STEVE INSKEEP, HOST:
And now we attempt one of the most perilous feats in journalism - reporting on the future. That's normally a bad idea, but when it comes to the economy, the future is what it's all about. People's expectations for the future, however right or wrong, influence what they do now. The lousy performance of the stock market so far this year suggest a coming recession. But a closer examination by NPR's John Ydstie suggests that doesn't seem likely.
JOHN YDSTIE, BYLINE: As the old saying goes, the stock market has predicted nine of the last five recessions. In other words, sharply falling stock markets are crying wolf about half the time. Dyke Messinger runs a small manufacturing company in Salisbury, N.C. He thinks stock investors have been overreacting during this sell-off.
DYKE MESSINGER: It is bizarre to me when we see what we believe is good core strength in the U.S. market.
YDSTIE: Messinger's market is the construction industry. His company, Powercurbers, manufactures machines that contractors use to build curbs and gutters for housing developments and commercial buildings.
MESSINGER: Everybody is a bit on pins and needles due to the changing world economy. But there's still pent-up demand for housing and commercial construction.
YDSTIE: Those sectors performed weakly in the U.S. coming out of the recession but are doing much better now. Messinger's business is actually a good reflection of the situation facing many U.S. manufacturers. He exports a lot of his machines. About 30 percent of his sales are to international customers, including oil-producing countries in the Middle East, so the plunge in oil prices has hurt his business. His international sales have fallen sharply, so he knows the global economy can hurt as growth.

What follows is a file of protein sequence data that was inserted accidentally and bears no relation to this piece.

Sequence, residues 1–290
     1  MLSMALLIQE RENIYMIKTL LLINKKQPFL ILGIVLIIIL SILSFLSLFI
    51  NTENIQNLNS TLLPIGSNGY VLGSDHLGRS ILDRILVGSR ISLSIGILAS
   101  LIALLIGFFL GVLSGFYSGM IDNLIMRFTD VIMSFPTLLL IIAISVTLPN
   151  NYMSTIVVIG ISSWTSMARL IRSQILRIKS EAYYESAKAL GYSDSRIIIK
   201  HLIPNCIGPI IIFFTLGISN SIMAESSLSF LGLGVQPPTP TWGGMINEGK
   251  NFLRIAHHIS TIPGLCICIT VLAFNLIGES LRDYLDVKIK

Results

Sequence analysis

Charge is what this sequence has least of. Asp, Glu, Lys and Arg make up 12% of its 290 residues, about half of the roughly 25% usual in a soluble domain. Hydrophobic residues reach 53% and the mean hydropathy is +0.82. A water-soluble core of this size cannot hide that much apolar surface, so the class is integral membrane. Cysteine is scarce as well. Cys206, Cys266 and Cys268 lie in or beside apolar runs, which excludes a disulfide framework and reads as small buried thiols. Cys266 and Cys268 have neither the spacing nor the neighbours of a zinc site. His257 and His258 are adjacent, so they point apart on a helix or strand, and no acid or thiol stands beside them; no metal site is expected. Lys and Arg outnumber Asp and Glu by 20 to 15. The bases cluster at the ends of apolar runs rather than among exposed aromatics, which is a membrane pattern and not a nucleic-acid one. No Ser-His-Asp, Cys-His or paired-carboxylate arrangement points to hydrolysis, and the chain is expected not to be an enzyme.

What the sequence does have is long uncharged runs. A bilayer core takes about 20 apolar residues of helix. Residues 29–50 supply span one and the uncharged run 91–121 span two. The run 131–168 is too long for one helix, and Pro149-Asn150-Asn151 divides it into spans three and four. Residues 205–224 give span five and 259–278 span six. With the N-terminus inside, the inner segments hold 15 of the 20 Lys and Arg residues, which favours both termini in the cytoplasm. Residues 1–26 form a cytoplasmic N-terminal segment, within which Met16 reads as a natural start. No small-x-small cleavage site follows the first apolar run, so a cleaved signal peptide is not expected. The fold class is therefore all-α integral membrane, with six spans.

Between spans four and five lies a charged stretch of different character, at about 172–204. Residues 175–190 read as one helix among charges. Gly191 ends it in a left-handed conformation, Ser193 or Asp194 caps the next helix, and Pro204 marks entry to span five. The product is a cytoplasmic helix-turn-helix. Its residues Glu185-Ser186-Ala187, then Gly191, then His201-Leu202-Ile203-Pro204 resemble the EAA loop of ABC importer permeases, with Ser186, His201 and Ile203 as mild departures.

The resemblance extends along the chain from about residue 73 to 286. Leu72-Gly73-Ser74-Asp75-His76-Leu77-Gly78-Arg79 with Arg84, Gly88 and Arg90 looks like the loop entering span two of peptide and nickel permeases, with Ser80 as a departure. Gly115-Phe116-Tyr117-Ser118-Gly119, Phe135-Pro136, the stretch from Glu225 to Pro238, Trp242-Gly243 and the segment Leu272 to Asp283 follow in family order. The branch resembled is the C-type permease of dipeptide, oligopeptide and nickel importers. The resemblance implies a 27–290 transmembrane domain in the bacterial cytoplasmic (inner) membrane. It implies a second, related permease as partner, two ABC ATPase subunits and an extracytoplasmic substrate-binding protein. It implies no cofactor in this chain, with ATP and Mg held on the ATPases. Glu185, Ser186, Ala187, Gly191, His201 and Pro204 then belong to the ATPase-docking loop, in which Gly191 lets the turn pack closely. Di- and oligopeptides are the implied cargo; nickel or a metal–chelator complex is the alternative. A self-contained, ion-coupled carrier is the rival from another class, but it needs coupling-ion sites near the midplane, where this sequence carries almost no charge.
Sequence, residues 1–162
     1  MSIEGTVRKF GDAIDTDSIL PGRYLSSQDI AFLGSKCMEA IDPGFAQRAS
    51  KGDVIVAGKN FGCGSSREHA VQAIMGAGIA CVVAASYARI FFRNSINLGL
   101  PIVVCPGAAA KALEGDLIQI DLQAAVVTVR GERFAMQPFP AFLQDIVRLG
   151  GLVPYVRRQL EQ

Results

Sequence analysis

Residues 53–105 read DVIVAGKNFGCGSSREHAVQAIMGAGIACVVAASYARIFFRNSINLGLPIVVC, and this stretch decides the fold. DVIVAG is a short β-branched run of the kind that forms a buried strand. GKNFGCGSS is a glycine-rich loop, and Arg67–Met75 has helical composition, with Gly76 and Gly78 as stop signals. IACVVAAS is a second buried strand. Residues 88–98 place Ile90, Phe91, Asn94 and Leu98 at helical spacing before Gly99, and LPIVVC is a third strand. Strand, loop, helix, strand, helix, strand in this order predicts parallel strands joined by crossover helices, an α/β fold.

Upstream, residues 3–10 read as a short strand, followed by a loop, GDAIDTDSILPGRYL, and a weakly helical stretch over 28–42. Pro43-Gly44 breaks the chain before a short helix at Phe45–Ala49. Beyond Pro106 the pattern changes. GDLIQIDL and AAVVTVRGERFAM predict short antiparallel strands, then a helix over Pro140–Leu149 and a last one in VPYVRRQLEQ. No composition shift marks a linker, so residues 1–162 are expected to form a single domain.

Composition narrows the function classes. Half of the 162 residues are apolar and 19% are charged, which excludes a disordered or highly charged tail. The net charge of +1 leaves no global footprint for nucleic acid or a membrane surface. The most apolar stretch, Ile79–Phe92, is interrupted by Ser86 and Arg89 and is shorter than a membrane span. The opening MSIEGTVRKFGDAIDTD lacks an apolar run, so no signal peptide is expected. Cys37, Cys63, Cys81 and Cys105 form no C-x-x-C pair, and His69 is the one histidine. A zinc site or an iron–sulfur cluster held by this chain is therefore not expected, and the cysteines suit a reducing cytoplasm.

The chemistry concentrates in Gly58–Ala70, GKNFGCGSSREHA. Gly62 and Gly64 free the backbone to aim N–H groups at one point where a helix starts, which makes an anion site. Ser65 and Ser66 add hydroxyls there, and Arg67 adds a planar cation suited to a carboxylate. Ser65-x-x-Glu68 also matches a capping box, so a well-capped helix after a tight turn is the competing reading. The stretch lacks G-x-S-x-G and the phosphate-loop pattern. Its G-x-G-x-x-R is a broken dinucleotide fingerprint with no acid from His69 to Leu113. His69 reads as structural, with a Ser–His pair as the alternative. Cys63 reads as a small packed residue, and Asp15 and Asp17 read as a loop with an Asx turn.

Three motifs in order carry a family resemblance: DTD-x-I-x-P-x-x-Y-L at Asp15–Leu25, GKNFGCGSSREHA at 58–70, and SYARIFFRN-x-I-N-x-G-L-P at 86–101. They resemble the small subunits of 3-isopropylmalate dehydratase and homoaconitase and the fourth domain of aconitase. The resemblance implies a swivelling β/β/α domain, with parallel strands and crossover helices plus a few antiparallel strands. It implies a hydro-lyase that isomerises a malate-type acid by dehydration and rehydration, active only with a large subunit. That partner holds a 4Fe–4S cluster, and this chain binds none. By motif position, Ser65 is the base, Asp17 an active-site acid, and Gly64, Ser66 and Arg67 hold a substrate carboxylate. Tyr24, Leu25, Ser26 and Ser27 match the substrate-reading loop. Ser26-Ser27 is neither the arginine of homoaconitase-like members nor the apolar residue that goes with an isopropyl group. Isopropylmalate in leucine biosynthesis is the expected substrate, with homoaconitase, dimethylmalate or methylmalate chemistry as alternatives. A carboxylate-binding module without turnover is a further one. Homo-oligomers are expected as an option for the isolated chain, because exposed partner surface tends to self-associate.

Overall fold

MESSINGER: I know a lot of what happens in the United States depends upon what's going on in China and other countries. But if I had some spare money, I think I'd be buying U.S. stocks.
YDSTIE: Messinger says, for his company, growth in the U.S. economy will more than offset lost business abroad. Economist Sara Johnson also believes the U.S. stock market is not accurately predicting the U.S. economy in 2016.
SARA JOHNSON: I think financial markets have overreacted.
YDSTIE: Johnson is senior research director for global economics at IHS. She points to strong U.S. job growth as evidence the domestic economy remains on track despite global weakness. And she says concerns that the U.S. is vulnerable to the slow-down in Chinese growth are overblown.
JOHNSON: While it certainly is creating some turmoil in financial markets, the real economic consequences for the U.S. are limited.
YDSTIE: For one reason - total exports represent only about one-eighth of the U.S. economy, and less than 10 percent of those exports go to China. So the vast majority of U.S. economic activity is generated inside U.S. borders. And Johnson sees a positive picture for this year, helped by the deep decline in oil prices. She acknowledges that plummeting oil prices hurt the U.S. economy last year, decimating energy companies and sparking huge layoffs. But she says 2016 will be different.
JOHNSON: The U.S. is a net importer of crude oil, so the drop in prices is a substantial gain to U.S. consumers.
YDSTIE: That's been the conventional wisdom, but some economists have begun to doubt that low oil prices are a net positive for the U.S. economy. After all, because of the shale revolution, the U.S. has become the world's largest producer of oil and natural gas. That means energy price drops have a bigger negative impact on American companies and workers than before. In fact, Goldman Sachs now predicts those negatives will offset the benefits to U.S. consumers, so lower oil prices won't be a boost to the economy this year. John Ydstie, NPR News, Washington.
NPR transcripts are created on a rush deadline by Verb8tm, Inc., an NPR contractor, and produced using a proprietary transcription process developed with NPR. This text may not be in its final form and may be updated or revised in the future. Accuracy and availability may vary. The authoritative record of NPR’s programming is the audio record.